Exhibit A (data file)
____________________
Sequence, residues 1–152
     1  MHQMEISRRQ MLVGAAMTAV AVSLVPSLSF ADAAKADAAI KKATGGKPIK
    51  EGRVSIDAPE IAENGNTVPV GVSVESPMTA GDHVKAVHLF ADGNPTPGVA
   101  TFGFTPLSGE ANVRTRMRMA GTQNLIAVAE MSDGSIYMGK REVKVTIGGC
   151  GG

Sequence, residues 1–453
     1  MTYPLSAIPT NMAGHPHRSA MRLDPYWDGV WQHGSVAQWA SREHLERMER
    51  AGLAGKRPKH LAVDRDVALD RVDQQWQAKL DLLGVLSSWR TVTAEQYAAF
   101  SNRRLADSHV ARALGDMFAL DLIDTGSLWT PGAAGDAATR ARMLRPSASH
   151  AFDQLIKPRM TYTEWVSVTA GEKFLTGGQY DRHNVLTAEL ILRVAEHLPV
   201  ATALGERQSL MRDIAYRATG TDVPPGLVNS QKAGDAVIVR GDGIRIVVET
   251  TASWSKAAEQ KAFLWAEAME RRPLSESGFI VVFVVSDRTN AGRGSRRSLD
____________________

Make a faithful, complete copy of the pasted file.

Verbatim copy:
Sequence, residues 1–152
     1  MHQMEISRRQ MLVGAAMTAV AVSLVPSLSF ADAAKADAAI KKATGGKPIK
    51  EGRVSIDAPE IAENGNTVPV GVSVESPMTA GDHVKAVHLF ADGNPTPGVA
   101  TFGFTPLSGE ANVRTRMRMA GTQNLIAVAE MSDGSIYMGK REVKVTIGGC
   151  GG

Sequence, residues 1–453
     1  MTYPLSAIPT NMAGHPHRSA MRLDPYWDGV WQHGSVAQWA SREHLERMER
    51  AGLAGKRPKH LAVDRDVALD RVDQQWQAKL DLLGVLSSWR TVTAEQYAAF
   101  SNRRLADSHV ARALGDMFAL DLIDTGSLWT PGAAGDAATR ARMLRPSASH
   151  AFDQLIKPRM TYTEWVSVTA GEKFLTGGQY DRHNVLTAEL ILRVAEHLPV
   201  ATALGERQSL MRDIAYRATG TDVPPGLVNS QKAGDAVIVR GDGIRIVVET
   251  TASWSKAAEQ KAFLWAEAME RRPLSESGFI VVFVVSDRTN AGRGSRRSLD